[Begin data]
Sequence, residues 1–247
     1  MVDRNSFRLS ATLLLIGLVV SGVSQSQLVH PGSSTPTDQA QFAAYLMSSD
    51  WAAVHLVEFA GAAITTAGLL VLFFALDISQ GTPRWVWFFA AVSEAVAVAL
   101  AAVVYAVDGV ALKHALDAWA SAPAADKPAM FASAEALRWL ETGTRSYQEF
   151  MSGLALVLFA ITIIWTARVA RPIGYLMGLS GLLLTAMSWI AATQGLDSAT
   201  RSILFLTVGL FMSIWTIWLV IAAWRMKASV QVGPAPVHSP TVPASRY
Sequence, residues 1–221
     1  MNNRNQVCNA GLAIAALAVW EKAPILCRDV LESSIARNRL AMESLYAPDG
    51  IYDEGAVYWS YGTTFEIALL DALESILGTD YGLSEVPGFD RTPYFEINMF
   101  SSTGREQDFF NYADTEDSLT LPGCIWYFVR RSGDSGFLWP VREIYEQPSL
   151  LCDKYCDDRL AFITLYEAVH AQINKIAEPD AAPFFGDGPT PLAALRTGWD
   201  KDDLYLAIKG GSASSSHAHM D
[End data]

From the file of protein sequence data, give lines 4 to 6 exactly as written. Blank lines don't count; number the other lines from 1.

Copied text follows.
   101  AAVVYAVDGV ALKHALDAWA SAPAADKPAM FASAEALRWL ETGTRSYQEF
   151  MSGLALVLFA ITIIWTARVA RPIGYLMGLS GLLLTAMSWI AATQGLDSAT
   201  RSILFLTVGL FMSIWTIWLV IAAWRMKASV QVGPAPVHSP TVPASRY